In my previous column (“Using Super Glue in Guitar Repair”), we explored techniques for using fast-acting adhesive to seat frets and secure a string nut. We’re not quite done with this topic, but before we put super glue to work on another project, please take a moment to review the safety tips I outlined last time around. As I mentioned before, super glue can be your best friend or worst enemy, so before you start slinging the cyano, it’s important to refresh your memory of these crucial dos and don’ts. Right? Thought so.
String nut touch-up. Super glue is handy for making small repairs to a guitar’s finish. Here’s an example: Most guitars have a little finish at either end of the string nut to create a smooth transition between the edge of the fretboard or binding and the nut itself. But after replacing the string nut—let’s say you’ve upgraded from a plastic nut to one made of bone—there’s usually a small edge or drop off where the nut meets the fretboard (Photo 1). As you may recall from our prior column, super glue is available in a variety of thicknesses. To smooth out the transition between the nut and where it joins the fretboard, you can fill that area using a few drops of medium viscosity or gel-formula super glue.
But wait, there’s more! It’s common for the binding on older guitars to turn yellow over time. Stewart-MacDonald sells an amber-tinted formula that matches this aged look nicely. (Stew-Mac also offers tinted super glues in white and black, which can come in handy for other finish touch-up projects.) If your guitar has binding, using tinted medium super glue will accomplish two goals: You’ll fill the edges around the ends of the replacement nut and help it blend in with the binding.
Assume the position. First, place the guitar on its side so the neck is horizontal to the workbench and one end of the nut faces up, the other down. To prevent an electric guitar or bass from tipping over, I use a quick release clamp on the body to stabilize it. Because acoustics have a thicker body, they’ll typically stay in place without a clamp. Balance the guitar on its tuner keys, not the neck, and use books or small boxes to support the guitar as it rests on it side. (In our shop, we use leather bags filled with buckshot for this and other stabilizing tasks.)
Make sure the area around the edge of the string nut and binding is absolutely level, because you don’t want the glue to pool on one side of the nut edge and create more work for you later. A bubble gauge comes in handy here.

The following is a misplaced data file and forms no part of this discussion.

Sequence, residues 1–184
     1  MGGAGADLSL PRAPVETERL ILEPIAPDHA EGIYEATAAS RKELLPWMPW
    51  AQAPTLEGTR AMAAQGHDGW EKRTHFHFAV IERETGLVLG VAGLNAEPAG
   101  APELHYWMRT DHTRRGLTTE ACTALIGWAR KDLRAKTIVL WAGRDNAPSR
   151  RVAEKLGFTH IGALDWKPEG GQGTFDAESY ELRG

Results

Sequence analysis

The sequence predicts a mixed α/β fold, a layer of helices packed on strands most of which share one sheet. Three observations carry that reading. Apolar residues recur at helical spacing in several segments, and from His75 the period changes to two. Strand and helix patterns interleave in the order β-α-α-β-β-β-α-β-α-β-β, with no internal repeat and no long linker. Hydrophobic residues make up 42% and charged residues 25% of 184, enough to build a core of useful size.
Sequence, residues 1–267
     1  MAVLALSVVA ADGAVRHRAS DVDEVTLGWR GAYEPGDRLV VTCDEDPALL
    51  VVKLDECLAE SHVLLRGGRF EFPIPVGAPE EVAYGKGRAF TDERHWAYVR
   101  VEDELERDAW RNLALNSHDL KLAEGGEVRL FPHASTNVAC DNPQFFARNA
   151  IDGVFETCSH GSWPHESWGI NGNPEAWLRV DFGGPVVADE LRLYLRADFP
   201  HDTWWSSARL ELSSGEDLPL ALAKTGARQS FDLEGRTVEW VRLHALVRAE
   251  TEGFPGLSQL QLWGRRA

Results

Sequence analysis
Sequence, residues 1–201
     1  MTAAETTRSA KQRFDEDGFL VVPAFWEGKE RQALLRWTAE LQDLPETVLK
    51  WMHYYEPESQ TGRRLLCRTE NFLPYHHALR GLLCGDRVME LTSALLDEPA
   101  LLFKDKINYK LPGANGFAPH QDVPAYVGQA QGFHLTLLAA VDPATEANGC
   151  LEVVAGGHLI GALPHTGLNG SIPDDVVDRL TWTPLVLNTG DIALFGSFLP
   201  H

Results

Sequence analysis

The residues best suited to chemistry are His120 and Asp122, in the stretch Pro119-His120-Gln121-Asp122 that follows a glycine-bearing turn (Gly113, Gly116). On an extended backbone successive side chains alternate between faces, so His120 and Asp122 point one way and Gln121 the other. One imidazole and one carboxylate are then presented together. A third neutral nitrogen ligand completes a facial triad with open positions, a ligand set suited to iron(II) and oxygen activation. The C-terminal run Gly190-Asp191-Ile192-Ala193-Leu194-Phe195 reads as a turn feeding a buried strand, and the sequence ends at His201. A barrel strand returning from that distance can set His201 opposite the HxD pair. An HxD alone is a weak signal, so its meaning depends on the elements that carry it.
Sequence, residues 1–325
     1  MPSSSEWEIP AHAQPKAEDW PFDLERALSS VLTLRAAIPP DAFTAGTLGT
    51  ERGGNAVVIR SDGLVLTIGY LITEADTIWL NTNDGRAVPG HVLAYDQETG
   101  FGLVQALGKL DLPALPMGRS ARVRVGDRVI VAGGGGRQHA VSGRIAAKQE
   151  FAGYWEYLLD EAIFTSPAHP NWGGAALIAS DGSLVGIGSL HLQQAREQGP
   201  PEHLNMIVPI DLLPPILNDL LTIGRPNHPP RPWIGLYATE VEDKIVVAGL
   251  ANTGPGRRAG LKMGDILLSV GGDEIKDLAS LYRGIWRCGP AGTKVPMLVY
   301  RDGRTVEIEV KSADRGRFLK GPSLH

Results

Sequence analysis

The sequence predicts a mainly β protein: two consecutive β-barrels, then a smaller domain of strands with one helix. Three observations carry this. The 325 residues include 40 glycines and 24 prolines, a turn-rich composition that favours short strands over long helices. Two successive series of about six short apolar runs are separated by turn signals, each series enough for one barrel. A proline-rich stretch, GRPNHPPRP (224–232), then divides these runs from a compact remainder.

Apply the glue. This is where you don your safety glasses. Once the guitar is stable, put a few drops of super glue on the end of the nut and let it dry (Photo 2). You only need to apply enough glue to cover the side of the nut and binding to build a smooth surface where they join together. A medium formula of glue, which is what we recommend, will take several minutes to dry. If you want to speed up the drying process, you can spray super glue accelerant on it. We’ve used GluBoost and NCF Quick brands in our shop, and they both work great.
Having a well-ventilated workspace will reduce accelerant fumes and minimize eye irritation. At the shop, we run a small fan to keep the air circulating when using super glues and accelerants.
Tip: Accelerants can cause what we call the “Swiss cheese effect.” This happens when you prematurely spray the accelerant on the glue. It causes a chemical reaction that results in the glue bubbling up into a white foam, which forces you to scrape away all the glue and start over. To avoid this, wait several minutes before blasting the glue with an accelerator. A little patience will save you a lot of time.
File it down. When the glue is dry, use a miniature file to gently file away any excess (Photo 3). Do this carefully to avoid damaging the original finish around the nut and binding. The object of the exercise is to file the glue flush with the nut and binding without disturbing the surrounding surfaces.